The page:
Young people do not take a particularly keen interest in the activities of political parties. This does not mean they are passive, but it rather shows that participation has moved to other platforms. Young people aim to exercise influence by buying ecologically friendly products, taking common action for or against various causes, and in social media and web communities. The City of Helsinki has promoted democratic participation by setting up the participation system Ruuti. The Ruuti activities are coordinated by an annually elected core group of twenty young people whose task is to function as a link between young people and the decision-makers.
In terms of arts and culture consumption, Helsinki residents prefer low-threshold amenities such as libraries, cinema, theatre and popular music concerts. Also, various kinds of urban events have been very popular. Thus in the last few years, a multitude of resident-driven events have been organised in Helsinki, some of which have also aimed to influence the activities and planning of the city departments. Individuals and groups have become motors of development. Various issues closely related to Helsinki have been debated on Facebook in groups such as Lisää kaupunkia Helsinkiin and Helsinkiläisten Helsinki. Good examples of bottom-up developments include the immensely popular Restaurant Day, the Flow festival and the Slush event, all of which have reached great popularity and renown even outside Finland.
Trends in the urban culture of Helsinki also become apparent in the local food culture. In the 2000s, food and restaurant culture has taken huge strides forward. Characteristic of this development in recent years is, for example, that the number of new businesses in the restaurant sector has been growing and that the number of companies opening in the sector has constantly been higher than that of companies closing. Some very welcome local changes can be seen in the restaurant sector, too: in Inner Helsinki, at present vibrantly expanding, new shops, cafés and restaurants are opening at street level, and recent signals suggest such activities are also increasing outside Inner Helsinki.
It is important for the city administration to identify and understand the field of urban activisms and to acknowledge that a process of functional and structural change is going on in the civic society. This provides the opportunity to use the energy and skills of residents as a resource. One way in which the City of Helsinki has encouraged active participation in the city’s planning and development has been the opening of city data to the public. In 2013–2016, the use of data available on the open data portal Helsinki Region Infoshare increased remarkably. The use of open data has also been promoted in theHelsinki Loves Developers meetings, which regularly bring together the producers and users of open data and have attracted growing audiences.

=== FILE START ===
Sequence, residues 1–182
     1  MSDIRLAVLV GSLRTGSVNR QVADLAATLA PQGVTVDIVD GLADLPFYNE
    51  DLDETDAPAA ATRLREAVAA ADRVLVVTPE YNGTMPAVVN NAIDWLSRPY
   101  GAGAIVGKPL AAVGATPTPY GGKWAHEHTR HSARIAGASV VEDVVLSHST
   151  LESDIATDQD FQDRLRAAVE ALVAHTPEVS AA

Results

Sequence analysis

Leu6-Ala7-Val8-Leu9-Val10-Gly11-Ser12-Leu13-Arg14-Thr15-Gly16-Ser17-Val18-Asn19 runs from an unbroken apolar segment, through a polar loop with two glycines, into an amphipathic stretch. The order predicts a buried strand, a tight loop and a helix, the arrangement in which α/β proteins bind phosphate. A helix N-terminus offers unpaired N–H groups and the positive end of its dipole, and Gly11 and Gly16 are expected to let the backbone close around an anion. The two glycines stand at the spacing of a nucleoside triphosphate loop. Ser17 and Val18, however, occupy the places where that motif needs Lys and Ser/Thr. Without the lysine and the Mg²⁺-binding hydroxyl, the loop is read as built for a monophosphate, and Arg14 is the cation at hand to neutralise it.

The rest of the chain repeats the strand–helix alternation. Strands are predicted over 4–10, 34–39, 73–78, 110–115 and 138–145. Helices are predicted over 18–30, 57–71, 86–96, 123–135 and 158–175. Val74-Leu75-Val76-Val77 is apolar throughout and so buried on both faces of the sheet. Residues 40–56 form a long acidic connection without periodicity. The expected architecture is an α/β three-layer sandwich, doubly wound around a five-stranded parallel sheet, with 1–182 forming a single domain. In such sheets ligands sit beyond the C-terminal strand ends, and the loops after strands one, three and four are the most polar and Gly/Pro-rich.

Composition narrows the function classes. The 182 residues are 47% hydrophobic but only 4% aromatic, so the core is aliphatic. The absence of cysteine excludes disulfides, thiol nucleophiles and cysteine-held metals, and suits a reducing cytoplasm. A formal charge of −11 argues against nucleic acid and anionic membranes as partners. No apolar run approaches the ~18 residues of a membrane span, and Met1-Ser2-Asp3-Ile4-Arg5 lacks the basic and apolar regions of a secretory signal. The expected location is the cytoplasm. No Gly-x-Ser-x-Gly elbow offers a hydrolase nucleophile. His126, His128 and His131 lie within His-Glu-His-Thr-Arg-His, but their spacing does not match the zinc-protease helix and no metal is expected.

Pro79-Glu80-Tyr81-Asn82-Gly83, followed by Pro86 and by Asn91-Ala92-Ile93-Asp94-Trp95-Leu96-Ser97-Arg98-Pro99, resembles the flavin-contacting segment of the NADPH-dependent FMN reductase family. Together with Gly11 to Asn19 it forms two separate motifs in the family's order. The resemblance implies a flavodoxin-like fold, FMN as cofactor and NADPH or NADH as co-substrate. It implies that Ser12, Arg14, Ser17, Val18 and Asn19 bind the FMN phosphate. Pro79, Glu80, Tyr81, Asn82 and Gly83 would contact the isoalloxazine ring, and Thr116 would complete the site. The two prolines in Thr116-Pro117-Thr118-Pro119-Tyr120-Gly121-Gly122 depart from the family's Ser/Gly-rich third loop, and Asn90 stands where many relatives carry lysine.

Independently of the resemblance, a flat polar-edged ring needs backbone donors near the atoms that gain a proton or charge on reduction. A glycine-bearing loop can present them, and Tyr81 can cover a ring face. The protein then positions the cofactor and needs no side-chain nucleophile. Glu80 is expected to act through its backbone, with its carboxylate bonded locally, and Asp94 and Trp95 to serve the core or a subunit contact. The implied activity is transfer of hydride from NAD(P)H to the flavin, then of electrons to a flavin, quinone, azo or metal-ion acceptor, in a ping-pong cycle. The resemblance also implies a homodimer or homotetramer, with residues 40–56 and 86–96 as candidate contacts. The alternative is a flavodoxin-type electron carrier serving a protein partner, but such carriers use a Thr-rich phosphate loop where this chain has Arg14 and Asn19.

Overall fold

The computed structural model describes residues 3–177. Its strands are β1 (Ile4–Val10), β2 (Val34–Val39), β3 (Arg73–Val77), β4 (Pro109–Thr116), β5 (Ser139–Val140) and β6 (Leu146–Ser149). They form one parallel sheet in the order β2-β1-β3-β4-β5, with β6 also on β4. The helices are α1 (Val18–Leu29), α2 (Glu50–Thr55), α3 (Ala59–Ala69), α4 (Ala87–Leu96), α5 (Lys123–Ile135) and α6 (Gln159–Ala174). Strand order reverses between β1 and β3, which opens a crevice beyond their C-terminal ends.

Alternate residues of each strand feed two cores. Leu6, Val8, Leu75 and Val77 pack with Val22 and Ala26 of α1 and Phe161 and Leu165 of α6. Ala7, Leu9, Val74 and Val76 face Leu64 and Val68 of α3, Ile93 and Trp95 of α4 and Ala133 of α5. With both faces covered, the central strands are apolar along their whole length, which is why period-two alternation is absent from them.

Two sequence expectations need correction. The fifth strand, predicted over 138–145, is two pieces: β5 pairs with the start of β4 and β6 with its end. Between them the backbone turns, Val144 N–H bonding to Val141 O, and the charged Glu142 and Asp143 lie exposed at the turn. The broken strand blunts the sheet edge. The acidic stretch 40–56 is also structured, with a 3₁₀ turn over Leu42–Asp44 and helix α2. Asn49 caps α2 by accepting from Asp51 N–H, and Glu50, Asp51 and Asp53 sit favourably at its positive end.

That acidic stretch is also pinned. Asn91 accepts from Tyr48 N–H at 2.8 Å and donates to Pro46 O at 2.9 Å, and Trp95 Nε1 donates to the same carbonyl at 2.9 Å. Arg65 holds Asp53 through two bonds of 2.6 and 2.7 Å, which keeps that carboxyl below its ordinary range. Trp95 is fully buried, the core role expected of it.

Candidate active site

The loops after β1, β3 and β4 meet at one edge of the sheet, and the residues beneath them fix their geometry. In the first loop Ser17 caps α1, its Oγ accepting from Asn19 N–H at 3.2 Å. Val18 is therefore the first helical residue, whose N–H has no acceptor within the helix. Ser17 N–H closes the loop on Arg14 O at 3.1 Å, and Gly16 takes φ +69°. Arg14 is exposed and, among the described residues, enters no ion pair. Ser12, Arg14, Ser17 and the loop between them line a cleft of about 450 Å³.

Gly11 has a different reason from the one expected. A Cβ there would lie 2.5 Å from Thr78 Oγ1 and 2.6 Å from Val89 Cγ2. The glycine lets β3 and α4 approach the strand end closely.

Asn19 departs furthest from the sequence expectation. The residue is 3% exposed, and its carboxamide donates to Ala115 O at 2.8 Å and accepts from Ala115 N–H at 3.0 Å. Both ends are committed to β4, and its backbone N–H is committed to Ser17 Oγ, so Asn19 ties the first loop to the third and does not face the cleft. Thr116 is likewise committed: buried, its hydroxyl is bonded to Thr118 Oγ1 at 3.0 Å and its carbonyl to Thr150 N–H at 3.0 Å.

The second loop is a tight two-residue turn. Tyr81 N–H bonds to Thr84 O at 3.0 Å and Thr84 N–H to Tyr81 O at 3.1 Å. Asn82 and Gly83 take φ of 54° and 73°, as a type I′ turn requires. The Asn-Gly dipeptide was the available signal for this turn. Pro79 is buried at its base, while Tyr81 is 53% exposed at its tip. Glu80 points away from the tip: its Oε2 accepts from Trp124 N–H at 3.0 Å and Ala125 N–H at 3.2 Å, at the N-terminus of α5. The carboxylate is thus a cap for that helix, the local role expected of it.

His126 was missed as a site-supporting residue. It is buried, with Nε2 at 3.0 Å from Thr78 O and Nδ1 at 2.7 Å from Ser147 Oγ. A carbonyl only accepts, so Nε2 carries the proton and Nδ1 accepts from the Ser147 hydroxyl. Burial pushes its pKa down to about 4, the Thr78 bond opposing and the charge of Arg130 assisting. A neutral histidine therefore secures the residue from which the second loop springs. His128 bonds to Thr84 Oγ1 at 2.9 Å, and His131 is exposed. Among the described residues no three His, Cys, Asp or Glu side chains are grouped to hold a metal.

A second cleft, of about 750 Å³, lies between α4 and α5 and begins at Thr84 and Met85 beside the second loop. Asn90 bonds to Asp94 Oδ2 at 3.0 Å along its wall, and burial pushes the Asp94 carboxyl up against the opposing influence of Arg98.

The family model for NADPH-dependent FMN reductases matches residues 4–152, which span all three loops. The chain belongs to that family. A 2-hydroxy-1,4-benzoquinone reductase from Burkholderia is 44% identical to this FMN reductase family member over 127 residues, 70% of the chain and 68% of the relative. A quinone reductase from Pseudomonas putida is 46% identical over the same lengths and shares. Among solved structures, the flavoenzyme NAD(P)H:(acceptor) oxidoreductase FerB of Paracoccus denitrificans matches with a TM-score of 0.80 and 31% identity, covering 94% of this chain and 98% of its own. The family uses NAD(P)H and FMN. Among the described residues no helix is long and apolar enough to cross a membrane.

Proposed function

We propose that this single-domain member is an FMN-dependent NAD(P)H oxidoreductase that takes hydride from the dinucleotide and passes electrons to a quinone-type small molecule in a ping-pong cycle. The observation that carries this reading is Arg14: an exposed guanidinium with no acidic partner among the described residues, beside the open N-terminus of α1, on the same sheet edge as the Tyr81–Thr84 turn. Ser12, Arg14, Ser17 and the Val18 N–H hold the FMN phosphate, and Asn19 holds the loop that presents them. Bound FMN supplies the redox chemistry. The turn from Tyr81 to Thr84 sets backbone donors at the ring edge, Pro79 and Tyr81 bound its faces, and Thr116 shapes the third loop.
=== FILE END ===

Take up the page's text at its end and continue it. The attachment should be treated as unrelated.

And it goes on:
Positive trends in leadership, differences between work communities
Kunta 10, a follow-up study on working life and wellbeing through work, conducted every second year, shows a weak positive trend for Helsinki. The overall ranking of the City of Helsinki rose somewhat between 2014 and 2016, and there was progress primarily in the indicators describing work communities and leadership. In return, Helsinki’s total ranking fell somewhat in terms of indicators measuring the content of work and continued work for older employees.
The results show that although the amount of work and stress at work is perceived to have increased, people have not increasingly felt that work is a burden. Also, perceived support from superiors has increased slightly. Staff feel that leadership is inclusive to some extent, although a slight decline has occurred in this respect in last two years. Another aspect that could be improved – according to these findings – is the fairness of decision-making. Dispersion is large in all answers relating to leadership, covering the whole scale, and there are notable differences between and within sectors, offices and departments.
During the Council term, an extensive leadership reform was launched in Helsinki’s city administration, also including a comprehensive organisation reform. The attitude of staff towards the reform is followed using the Muutospulssi follow-up survey, and although no general conclusions can be drawn from the responses of the first round, they show that staff mainly seem to be positive towards the reform. Only a small proportion of respondents felt negatively about it. However, a considerable proportion of staff could not form a clear opinion, and neutral responses were common. A correlation could be seen between active communication by superiors and a positive attitude towards the reform among staff.
Ari Jaakola is Statistics and Information Service Manager and Katja Vilkama is Research Director at City of Helsinki Urban Facts.